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Contact Frequency

 

Disciplines > Communication > Diffusion > Contact Frequency

Description | Example | Discussion | See also

 

Description

Some people take a long time to decide to buy things or adopt ideas. In fact for many of us, there are so many new ideas and products floating around we do not pay much attention until we have heard about it multiple times.

Each of us tends to have a preferred number of contacts with an idea before we investigate further, and then may need another set of closer connections until we buy in to it and start talking about it with others.

Example

A person hears of a new and desirable phone. They do not start asking about it until three of their friends have told them it is good.

A person hears of a new statue in town. They do not go and see it until five people have told them about it. Then they start telling others about it.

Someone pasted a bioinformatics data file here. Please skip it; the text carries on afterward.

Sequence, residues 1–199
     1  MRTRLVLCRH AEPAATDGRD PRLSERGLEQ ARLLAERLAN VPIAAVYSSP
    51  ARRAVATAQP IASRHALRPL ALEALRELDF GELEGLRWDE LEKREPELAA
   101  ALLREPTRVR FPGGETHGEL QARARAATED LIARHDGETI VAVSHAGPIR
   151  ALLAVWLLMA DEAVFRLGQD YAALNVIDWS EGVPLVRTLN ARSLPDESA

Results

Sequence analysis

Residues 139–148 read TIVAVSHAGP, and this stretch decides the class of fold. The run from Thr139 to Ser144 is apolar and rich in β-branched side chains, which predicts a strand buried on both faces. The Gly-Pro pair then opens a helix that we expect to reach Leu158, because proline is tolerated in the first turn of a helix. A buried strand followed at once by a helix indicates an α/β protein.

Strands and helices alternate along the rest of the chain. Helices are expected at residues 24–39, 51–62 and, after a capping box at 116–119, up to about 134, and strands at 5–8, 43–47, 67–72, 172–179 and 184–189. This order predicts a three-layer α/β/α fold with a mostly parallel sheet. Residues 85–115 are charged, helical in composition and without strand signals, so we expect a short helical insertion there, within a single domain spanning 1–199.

Discussion

For ideas and information to spread, people have to talk or enquire about them, and some need to have more contact than others before they have the confidence to pass the idea on.

Until they are proven attractive, ideas can be seen as threats and the number of repetitions required can two or three for some people and twenty or thirty for others, depending on their risk bias. The number also may vary with the attractiveness of an idea. You only need to hear a good joke once to decide to pass it on, but will need more evidence of others enjoying it for one which you do not find funny.

Getting an idea going is a little bit like inertia. If you try to push a car along a level road, it is difficult to get going but once it is moving it becomes a lot easier. This is caused by the initial period when many people are evaluating it and are not yet ready to pass it along.

See also

Repetition principle

 

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